a. If you want to be budget-minded, yet purchase a quality wine glass, buy a 12 ounce lead-free glass. When you begin shopping you’ll find some of the best wine glass producers market a 12 ounce wine glass as a white wine glass. Ignore that for now. Buy the best 12 ounce glasses you can afford and use them for both red and white dinner wines. Glasses today are named for a grape, i.e. a Merlot glass, a Cabernet glass, a Chardonnay glass and on and on. I believe this marketing strategy has merit, but that’s a story for another time. Starting with a 12 ounce glass is a very good and proper start.
b. Buy the best quality lead-free glass (actual glass) you can afford. If you thump it, and it doesn’t ring, that’s okay, but thinner and with no seams is good.
c. A lip without a roll – important and perfect.
d. Always buy clear glass with clear stems – no colors until you can afford more than one set of wine glasses. The “color” is for fun, only. Clear glass/crystal shows the natural hue of the wine.
e. Buy thin stems – again, no seams.
Online I see Riedel’s Ouverture 12-3/8 ounce glass for four for about $40.00. Steinmart carries Riedel, sometimes Ouverture and sometimes the more expensive lines. Target has partnered with Riedle to market their Vivant brand – lead free and reasonably priced. Spiegelau, now owned by Riedel, has a lead-free series - VinoVino.
Check Home Goods if you have one near. You never know what Home Goods will have available, but whatever it is, it is always an amazing bargain. Buy one glass a paycheck at $5 to $10 and before you know it, you’ll have a few glasses that make a difference. Find a rim without a rolled edge, at least a 10 ounce bowl, and hopefully 12 ounces, and unless it’s thick and ugly, buy it up. It’s a place to start. If you cannot afford the cut rim, and must buy a glass with a rolled edge, take heart, it will be far more chip resistant than the straight edge.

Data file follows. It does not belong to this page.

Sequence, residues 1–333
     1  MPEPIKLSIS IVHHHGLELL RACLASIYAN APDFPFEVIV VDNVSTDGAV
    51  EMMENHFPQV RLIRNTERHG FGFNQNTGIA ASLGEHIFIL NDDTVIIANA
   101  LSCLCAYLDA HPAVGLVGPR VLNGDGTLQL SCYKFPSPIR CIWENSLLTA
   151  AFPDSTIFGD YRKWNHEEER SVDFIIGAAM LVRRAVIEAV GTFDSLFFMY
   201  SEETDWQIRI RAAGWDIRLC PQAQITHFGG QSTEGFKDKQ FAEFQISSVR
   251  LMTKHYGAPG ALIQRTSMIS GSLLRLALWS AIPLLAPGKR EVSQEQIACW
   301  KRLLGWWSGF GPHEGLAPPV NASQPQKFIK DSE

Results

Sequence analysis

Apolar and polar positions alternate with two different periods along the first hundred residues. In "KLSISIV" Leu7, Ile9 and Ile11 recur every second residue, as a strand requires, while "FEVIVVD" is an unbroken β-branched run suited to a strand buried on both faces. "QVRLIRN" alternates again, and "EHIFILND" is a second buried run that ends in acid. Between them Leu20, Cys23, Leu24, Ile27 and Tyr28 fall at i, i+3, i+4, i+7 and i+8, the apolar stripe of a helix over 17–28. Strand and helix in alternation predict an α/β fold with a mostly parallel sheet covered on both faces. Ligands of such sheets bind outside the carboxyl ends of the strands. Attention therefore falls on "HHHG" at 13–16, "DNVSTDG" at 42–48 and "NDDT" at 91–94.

I have a lot of Riedel crystal. At one time I sold it, and believed it worth every penny, so I may never run-out, but here’s and important tip: I put my Riedel in my dishwasher if I’ve had a fairly large number of guests. I have a crystal setting on my dishwasher. It works perfectly. The glasses come out spot free. For daily use, I hand wash. I dry the outside with a soft cloth, including the foot and then invert on a cloth. When dry I polish the inside with a lint-free cloth. If they need touching-up, it’s little. Good glassware is easier to care for than you might think.
One last caution, do some research on lead-free crystal, some of which include new processes. Schott Zweisel’s Diva Tritan Crystal series is an example. Minute amounts of lead may leach into wine served in lead crystal glasses. So it depends on how often you use them, and your personal comfort level.
This video from Spiegelau tells the Spiegelau story, but more importantly, there is a great view of a well-made glass. Whatever the size or shape, the video provides a good look at the lip, stem and foot.
5) Wine Charms: A wine “necessary?” Well, yes in my house, my little wine charms make life easier and more pleasant knowing that I’m not sipping hubby’s wine while I’m stirring the sauce. When I see my little beach chair and umbrella dangling on the foot of my wine glass, it makes me happy. Likewise, when we have guests, I’m not throwing out wine and pouring something fresh for a guest who didn’t pay attention. I buy them on sale, and when I travel, especially when I find charms that will remind me of a fun vacation.
6) Wine Aerator: I don’t like to decant unless I have to, so I use a wine aerator for red wine, which hubby and I can use as we pour each glass. I have two. I began with the Soiree (see the second video below) and then purchased the Vinturi. Each has it’s own advantage. The Vinturi has a small wire basket that will catch any sediment or crumbling cork, but the Soiree moves the wine around better – more action as you pour the wine into the glass, and more as the residual moves back into the bottle. More action should equal better aeration. I haven’t taste-tasted the same wine using both aerators, so can’t offer a real opinion, other than I always use one of them when a bottle of red is open in my kitchen.
Soiree Wine Aerator (video)
That’s my top six. What are yours?